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Critical Care

Open Access

Demand versus supply in intensive care: an ever-growing problem

  • M Tanaka Gutiez1 and
  • R Ramaiah1
Critical Care201418(Suppl 1):P9

Published: 17 March 2014


The demand for intensive care has reached new heights, where medical advancement and aging populations have increased the proportion of patients with multi comorbidities. Ideally, bed occupancy on the ICU should be around 70% whereas beyond 80% has been associated with increased mortality. William Harvey Hospital is a district general hospital with nine ICU beds where the ICNARC national database suggested a consistently high occupancy. The purpose of this study was to assess bed occupancy and its impact on service delivery.


Data were collected between 2005 and 2013 to analyse trends in ICU bed occupancy, overnight discharges, surgical cancellations, and nonclinical transfers. Data were gathered from April 2012 to March 2013 using quality indicators (Intensive Care Society): readmissions; premature discharges; discharges at night; cancelled planned surgery; and nonclinical transfers. Regression analysis was conducted to assess: correlation between mortality and effects of excess occupancy; and causality of increasing demand for ICU beds.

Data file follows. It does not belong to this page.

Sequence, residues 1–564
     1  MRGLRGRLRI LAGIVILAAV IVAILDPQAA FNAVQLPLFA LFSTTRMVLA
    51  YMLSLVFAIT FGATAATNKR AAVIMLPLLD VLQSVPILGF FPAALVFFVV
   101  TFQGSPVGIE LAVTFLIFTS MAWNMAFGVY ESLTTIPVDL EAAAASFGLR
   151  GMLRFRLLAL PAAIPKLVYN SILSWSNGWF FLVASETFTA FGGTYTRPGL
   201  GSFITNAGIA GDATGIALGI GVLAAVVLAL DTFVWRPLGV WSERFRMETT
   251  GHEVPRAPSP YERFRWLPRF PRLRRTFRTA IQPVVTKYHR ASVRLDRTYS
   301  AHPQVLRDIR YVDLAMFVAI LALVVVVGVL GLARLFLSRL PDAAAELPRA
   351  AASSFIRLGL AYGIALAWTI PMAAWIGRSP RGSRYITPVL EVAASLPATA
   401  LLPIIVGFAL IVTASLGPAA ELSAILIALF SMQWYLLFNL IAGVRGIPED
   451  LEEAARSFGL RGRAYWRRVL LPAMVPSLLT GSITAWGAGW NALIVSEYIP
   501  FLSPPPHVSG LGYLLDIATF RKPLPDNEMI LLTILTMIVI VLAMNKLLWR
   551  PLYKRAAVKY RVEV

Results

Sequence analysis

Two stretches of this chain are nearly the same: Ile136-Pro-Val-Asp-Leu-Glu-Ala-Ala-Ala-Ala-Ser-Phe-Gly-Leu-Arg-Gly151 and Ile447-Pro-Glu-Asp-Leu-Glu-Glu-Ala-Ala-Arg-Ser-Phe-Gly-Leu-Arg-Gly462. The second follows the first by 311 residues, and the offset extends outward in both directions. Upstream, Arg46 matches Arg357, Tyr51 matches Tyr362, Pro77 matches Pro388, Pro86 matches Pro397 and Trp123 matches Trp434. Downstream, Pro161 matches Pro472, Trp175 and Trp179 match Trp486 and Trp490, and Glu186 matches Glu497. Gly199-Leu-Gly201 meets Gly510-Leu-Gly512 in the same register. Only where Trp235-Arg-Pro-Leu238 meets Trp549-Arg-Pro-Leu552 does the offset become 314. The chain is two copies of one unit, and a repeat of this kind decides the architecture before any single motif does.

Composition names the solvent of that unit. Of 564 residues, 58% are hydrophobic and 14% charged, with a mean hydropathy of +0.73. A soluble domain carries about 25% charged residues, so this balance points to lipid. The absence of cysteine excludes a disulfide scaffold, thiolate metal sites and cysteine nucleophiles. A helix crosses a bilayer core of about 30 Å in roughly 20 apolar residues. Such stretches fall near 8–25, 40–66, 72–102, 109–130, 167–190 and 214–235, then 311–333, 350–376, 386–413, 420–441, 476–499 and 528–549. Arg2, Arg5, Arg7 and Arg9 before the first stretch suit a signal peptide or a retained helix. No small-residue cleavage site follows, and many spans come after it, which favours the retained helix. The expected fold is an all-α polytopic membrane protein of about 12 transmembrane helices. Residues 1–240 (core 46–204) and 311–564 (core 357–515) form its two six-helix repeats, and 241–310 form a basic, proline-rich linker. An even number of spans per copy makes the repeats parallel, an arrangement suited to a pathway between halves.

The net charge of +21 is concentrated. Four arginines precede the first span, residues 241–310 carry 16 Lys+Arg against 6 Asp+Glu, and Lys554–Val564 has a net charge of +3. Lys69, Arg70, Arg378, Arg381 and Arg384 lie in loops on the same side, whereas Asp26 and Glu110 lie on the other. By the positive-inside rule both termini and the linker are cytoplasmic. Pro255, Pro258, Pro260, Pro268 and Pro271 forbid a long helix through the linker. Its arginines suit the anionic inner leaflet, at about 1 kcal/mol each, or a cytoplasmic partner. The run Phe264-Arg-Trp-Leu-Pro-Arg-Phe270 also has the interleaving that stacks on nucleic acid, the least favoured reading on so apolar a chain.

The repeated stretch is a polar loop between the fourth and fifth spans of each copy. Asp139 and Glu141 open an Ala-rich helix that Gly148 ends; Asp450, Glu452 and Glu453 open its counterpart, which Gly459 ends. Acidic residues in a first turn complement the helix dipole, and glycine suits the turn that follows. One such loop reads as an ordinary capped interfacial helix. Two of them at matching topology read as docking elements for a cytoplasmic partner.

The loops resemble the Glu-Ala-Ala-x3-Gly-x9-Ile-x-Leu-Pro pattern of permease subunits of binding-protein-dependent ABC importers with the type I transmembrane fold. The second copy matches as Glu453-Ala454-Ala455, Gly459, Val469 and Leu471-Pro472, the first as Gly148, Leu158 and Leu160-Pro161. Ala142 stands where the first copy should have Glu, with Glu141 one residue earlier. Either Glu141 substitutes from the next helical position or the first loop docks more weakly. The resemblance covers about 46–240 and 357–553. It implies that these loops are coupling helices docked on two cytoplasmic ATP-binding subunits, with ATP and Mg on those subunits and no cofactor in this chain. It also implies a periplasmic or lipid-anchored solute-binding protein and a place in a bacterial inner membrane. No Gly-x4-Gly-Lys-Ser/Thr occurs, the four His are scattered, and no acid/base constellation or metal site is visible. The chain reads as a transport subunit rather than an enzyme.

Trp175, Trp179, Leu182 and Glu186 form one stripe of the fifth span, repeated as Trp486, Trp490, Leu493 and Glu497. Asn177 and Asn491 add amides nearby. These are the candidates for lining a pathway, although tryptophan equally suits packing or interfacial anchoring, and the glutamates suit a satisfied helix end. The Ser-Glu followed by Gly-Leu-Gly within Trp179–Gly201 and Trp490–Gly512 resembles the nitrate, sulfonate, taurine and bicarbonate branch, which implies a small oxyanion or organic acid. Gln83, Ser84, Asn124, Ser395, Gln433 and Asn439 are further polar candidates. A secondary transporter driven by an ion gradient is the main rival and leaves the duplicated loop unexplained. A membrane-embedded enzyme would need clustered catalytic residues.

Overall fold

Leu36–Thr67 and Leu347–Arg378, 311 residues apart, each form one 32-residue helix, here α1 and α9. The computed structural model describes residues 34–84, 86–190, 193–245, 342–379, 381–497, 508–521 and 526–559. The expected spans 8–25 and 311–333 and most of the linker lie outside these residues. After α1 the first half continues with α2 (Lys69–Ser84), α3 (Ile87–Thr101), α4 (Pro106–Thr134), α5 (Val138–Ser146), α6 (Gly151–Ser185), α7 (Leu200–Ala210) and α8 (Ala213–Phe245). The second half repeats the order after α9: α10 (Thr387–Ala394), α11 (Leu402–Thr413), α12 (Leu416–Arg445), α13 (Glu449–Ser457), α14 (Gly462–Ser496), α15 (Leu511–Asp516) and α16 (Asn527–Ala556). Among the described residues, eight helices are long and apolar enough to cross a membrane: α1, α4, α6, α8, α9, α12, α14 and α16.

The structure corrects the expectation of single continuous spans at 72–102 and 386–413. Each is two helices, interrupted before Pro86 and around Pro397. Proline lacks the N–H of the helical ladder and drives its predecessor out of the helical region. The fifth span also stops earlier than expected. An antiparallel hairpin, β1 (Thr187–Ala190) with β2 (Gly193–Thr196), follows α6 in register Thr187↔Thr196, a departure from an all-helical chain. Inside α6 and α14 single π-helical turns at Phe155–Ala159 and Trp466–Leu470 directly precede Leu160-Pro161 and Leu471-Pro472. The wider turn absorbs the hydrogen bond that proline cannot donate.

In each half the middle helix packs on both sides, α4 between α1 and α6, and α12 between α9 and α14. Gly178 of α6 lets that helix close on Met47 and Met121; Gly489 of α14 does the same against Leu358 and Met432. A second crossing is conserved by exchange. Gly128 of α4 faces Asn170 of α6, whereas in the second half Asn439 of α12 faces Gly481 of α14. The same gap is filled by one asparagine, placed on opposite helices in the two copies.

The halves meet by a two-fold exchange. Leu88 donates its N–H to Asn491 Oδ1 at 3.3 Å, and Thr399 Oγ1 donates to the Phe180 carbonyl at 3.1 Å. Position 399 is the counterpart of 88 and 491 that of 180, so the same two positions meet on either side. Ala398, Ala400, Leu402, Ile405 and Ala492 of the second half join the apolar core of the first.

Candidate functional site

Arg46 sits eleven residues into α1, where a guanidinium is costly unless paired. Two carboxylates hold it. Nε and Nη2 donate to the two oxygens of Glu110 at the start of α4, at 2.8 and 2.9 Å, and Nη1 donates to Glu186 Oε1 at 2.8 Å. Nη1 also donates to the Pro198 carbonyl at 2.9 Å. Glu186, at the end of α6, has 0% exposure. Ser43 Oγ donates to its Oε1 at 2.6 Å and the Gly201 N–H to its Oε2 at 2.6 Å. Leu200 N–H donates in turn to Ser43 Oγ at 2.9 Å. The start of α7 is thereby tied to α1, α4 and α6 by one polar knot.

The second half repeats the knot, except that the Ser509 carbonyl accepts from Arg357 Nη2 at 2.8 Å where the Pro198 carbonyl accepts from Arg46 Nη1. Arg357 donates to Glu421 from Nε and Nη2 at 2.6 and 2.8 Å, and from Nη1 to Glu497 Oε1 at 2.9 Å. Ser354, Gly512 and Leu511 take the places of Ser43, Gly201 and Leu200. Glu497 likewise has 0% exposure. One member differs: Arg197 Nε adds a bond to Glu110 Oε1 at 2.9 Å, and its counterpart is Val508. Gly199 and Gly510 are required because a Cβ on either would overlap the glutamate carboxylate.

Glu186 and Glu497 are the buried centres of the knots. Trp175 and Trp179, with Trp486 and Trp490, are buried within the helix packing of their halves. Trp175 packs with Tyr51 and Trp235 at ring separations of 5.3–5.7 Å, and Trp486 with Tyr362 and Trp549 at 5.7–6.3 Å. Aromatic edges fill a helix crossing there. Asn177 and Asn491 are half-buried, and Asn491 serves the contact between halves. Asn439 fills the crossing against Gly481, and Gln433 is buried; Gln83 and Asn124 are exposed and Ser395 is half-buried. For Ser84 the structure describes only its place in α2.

Bed occupancy remained high between 2005 and 2013 with a 15% increase. This was associated with increased overnight discharges (29%), surgical cancellations (90%), and nonclinical transfers (88%). Between 2012 and 2013, the calculated demand for beds was 174. There were 1.8 ICU to 100 hospital beds and 4.5 ICU beds per 100,000 population, which dropped significantly when including regional specialty services. A persistent gap between ICU bed supply and demand was associated with increased unfavourable outcomes in all quality indicators.


A steady increase in occupancy over the last 8 years was due to multiple factors, including an increase in clinical services such as in the coronary care centre, head and neck unit, and trauma centre. Presentation of our results to managerial level facilitated increased bed capacity by 22%.

Authors’ Affiliations

ast Kent Hospitals University NHS Foundation TrustE, Ashford, UK


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© Tanaka Gutiez and Ramaiah; licensee BioMed Central Ltd. 2014

This article is published under license to BioMed Central Ltd. This is an Open Access article distributed under the terms of the Creative Commons Attribution License (, which permits unrestricted use, distribution, and reproduction in any medium, provided the original work is properly cited. The Creative Commons Public Domain Dedication waiver ( applies to the data made available in this article, unless otherwise stated.